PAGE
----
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Parser construction for SLR is almost identical to that for LR(0), except that weput reduce actions into the table only where indicated by the FOLLOW set.61Here is the algorithm for putting reduce actions into an SLR table:R ← {}for each state I in Tfor each item A → α. in Ifor each token X in FOLLOW(A)R ← R ∪ {(I, X, A → α)}The action (I, X, A → α) indicates that in state I, on lookahead symbol X, the parser willreduce by rule A → α.Thus, for Grammar 3.23 we use the same LR(0) state diagram (Figure 3.24), but we put fewerreduce actions into the SLR table, as shown in Figure 3.25.Figure 3.25: SLR parsing table for Grammar 3.23.The SLR class of grammars is precisely those grammars whose SLR parsing table contains noconflicts (duplicate entries). Grammar 3.23 belongs to this class, as do many usefulprogramming-language grammars.LR(1) ITEMS; LR(1) PARSING TABLEEven more powerful than SLR is the LR(1) parsing algorithm.

Most programming languageswhose syntax is describable by a context-free grammar have an LR(1) grammar.The algorithm for constructing an LR(1) parsing table is similar to that for LR(0), but thenotion of an item is more sophisticated. An LR(1) item consists of a grammar production, aright-hand-side position (represented by the dot), and a lookahead symbol.

The idea is that anitem (A → α.β, x) indicates that the sequence α is on top of the stack, and at the head of theinput is a string derivable from βx.An LR(1) state is a set of LR(1) items, and there are Closure and Goto operations for LR(1)that incorporate the lookahead:Closure(I) =Goto(I, X) =repeatfor any item (A → α.Xβ, z) in Ifor any production X → γfor any w ∈ FIRST(βz)J ← {}for any item (A → α.Xβ, z) in Iadd (A → αX.β, z) to Jreturn Closure(J).I ← I ∪ {(X → .γ, w)}until I does not change62return IThe start state is the closure of the item (S′ → .S $, ?), where the lookahead symbol ? will notmatter, because the end-of-file marker will never be shifted.The reduce actions are chosen by this algorithm:R ← {}for each state I in Tfor each item (A → α., z) in IR ← R ∪{(I, z, A → α)}The action (I, z, A → α) indicates that in state I, on lookahead symbol z, the parser will reduceby rule A → α.Grammar 3.26 is not SLR (see Exercise 3.9), but it is in the class of LR(1) grammars.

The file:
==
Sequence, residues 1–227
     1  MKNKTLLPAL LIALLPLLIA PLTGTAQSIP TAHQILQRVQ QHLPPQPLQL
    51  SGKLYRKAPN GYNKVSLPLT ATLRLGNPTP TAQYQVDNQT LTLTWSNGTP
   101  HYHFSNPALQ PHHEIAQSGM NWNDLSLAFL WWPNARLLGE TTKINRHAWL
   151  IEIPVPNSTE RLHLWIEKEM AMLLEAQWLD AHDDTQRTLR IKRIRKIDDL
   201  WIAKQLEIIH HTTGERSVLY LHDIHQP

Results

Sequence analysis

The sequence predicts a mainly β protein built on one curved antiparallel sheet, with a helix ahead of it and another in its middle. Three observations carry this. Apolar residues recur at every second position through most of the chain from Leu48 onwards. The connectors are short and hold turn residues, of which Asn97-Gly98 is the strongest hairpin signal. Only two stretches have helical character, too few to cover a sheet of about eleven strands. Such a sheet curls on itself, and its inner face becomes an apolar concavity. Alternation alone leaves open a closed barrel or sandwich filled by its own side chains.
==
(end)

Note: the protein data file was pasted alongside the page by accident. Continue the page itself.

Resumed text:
Figure3.27 shows the LR(1) states for this grammar; in the figure, where there are several items withthe same production but different lookahead, as at left below, we have abbreviated as at right:Figure 3.27: LR(1) states for Grammar 3.26.GRAMMAR 3.26: A grammar capturing the essence of expressions, variables, and pointerdereference (by the *) operator in the C language.0. S′ → S $1. S → V = E2. S → E3. E → V635.

V → * E4. V → xThe LR(1) parsing table derived from this state graph is Table 3.28a. Wherever the dot is atthe end of a production (as in state 3 of Figure 3.27, where it is at the end of production E →V ), then there is a reduce action for that production in the LR(1) table, in the rowcorresponding to the state number and the column corresponding to the lookahead of the item(in this case, the lookahead is $). Whenever the dot is to the left of a terminal symbol ornonterminal, there is a corresponding shift or goto action in the LR(1) parsing table, just asthere would be in an LR(0) table.Table 3.28: LR(1) and LALR(1) parsing tables for Grammar 3.26.LALR(1) PARSING TABLESLR(1) parsing tables can be very large, with many states.